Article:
Then, of course, we started highlighting the results, and saying people who were coming to this workshop felt more empowered. They were more positive about their job. They now had the tools and resources to go do stuff, when they felt that there was something different Intuit should be doing.
We shared that with anybody who would listen. We were our own marketers. For those of you who are thinking about doing this, you will not have much help. That’s what startups are faced with, and so you’ve got to apply these tools and processes to your own programs.
Bang your own drum. Nobody else is going to do it for you. Once you start to gain some traction, assuming it does, then those other folks will come to the party.
[If you’re working on lean startup or other kinds of cultural change initiatives,] your customer is the organization, and so you have to have empathy for the organization, and understand that if people are trying to squash you, they’re not doing these things irrationally. They’re doing it for a very specific reason, and so you need to understand them as your customer.If you’re creating a workshop, or some way you’re going to be hopefully changing the hearts and minds, there has to be a benefit to them for that. Don’t go to the laggards in the organization and try to convince them to do this. Go to your early adopters, go to your innovators, and target them directly. Start very small. The number one thing you can do is apply the lean startup mindset to this program.
Recommended Books and Videos
For those of you who aren’t familiar with Steve Blank — no relation to me — he’s got a whole series of videos, hundreds of them talking about “search versus execute” and some of the corporate judo moves that you need to apply. I’d recommend anything from him. Of course, Eric Ries’ book, “The Lean Startup ” is great. We brought in someone named Brant Cooper in the early stages for us. He wrote a book called, “The Lean Entrepreneur,” which I found quite good. Ash Maurya has got some great stuff.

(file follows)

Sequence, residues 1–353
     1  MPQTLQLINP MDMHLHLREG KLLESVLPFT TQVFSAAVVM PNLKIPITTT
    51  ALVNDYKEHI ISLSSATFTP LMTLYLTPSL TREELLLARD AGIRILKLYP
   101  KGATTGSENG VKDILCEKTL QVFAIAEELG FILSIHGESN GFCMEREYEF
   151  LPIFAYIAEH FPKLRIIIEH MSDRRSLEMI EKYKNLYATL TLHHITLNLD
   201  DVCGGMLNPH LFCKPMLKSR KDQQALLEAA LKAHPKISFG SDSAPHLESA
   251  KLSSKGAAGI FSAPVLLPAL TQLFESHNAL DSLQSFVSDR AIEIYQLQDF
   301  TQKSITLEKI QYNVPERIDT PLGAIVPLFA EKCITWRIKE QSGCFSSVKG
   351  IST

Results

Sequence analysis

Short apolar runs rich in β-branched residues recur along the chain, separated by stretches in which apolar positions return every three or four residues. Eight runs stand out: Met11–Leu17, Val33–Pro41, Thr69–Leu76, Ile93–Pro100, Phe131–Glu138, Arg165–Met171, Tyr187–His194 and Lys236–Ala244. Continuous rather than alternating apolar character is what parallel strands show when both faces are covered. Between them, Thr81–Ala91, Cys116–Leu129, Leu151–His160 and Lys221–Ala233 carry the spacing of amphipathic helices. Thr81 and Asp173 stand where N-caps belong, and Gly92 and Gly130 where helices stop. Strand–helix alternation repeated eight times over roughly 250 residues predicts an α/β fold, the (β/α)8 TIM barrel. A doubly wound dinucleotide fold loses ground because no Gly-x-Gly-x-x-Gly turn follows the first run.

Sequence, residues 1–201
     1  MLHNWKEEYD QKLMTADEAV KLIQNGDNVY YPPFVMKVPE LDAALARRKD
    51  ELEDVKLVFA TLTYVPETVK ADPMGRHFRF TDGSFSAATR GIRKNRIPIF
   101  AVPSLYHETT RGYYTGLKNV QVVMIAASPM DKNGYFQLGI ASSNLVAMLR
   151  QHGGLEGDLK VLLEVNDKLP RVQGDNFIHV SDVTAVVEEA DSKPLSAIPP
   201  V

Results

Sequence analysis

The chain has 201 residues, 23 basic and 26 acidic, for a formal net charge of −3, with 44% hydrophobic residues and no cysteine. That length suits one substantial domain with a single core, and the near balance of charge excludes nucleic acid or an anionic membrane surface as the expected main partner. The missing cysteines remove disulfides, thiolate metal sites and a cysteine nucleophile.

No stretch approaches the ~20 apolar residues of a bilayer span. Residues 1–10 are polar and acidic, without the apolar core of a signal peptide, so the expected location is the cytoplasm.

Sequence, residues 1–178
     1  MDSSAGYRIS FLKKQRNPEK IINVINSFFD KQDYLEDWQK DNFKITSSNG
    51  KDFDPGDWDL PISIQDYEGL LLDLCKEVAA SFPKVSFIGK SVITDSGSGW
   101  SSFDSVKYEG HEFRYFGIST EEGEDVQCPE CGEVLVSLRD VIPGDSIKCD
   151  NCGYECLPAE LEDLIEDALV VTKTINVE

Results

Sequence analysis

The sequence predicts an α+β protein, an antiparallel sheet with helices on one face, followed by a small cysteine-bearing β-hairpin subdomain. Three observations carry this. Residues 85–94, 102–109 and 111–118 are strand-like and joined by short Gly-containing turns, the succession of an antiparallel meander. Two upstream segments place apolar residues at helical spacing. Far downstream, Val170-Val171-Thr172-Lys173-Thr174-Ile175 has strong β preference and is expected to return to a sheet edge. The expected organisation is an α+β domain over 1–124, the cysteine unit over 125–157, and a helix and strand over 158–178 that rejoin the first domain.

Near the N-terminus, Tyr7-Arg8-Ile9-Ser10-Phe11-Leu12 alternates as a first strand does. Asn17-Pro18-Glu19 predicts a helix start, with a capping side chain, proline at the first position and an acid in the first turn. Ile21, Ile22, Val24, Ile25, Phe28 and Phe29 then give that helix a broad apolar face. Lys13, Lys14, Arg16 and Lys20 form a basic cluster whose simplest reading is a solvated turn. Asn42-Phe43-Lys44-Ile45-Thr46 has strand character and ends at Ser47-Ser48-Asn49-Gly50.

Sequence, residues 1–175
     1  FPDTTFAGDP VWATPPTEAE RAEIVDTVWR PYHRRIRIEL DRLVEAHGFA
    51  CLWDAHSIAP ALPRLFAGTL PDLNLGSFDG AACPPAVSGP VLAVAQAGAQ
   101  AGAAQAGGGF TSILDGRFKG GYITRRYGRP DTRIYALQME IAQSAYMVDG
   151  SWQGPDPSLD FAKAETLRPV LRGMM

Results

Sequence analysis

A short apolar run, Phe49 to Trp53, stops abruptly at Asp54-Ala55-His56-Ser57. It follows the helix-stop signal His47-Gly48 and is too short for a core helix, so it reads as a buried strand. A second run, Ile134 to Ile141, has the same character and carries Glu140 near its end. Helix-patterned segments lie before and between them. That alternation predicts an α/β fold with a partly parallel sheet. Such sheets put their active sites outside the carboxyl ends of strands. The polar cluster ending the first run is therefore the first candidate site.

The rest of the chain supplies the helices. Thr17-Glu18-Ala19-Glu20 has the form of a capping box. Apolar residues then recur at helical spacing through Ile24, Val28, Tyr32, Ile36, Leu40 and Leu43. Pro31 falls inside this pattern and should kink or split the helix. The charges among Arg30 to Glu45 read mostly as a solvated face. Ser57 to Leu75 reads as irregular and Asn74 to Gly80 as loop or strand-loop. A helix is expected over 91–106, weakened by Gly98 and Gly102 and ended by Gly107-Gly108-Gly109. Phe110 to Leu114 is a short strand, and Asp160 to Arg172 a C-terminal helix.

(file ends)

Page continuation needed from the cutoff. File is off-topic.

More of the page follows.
“Lean Analytics” is another book I really like…but I think ultimately Eric’s book [“The Lean Startup”] captures the spirit of it, for sure.
“Just Get Started”
I can’t tell you how many times I’ve talked [about lean] with other executives who are like, “OK, we’ll spend four or five months benchmarking it, and then we’ll put together a program, and then we’ll spend eight months creating the curriculum, and then we’ll launch it next year.”
That’s the complete antithesis of the lean startup. No, what can you do in the next 24 hours that drives lean startup into your organization? That’s the lean startup way. Apply what you learn, and don’t overthink it. Just get started.
Today, when you’re done with this phone call, you’re going to have what, two-and-a-half hours before the end of the day? I guarantee you that anybody who’s interested in lean startup can create an experiment in that amount of time. Maybe not execute it, but certainly create it. Do it by the end of this week, done. That’s lean startup. If you can’t do that, you maybe should consider trying something else.
I don’t mean that in a mean way. I just mean you’ve got to live the principles yourself.
We didn’t have [data or success stories] when we started. …There’s lots of articles written about lean startup, but you’re going to have to create your own data. Again, that’s the job of whoever’s leading this program, to do that, and to be humble and honest with the organization: “We don’t know this will even work, but hey, it seems other companies are making huge strides with it, so it’s probably in our business to run an experiment. Let’s do that.”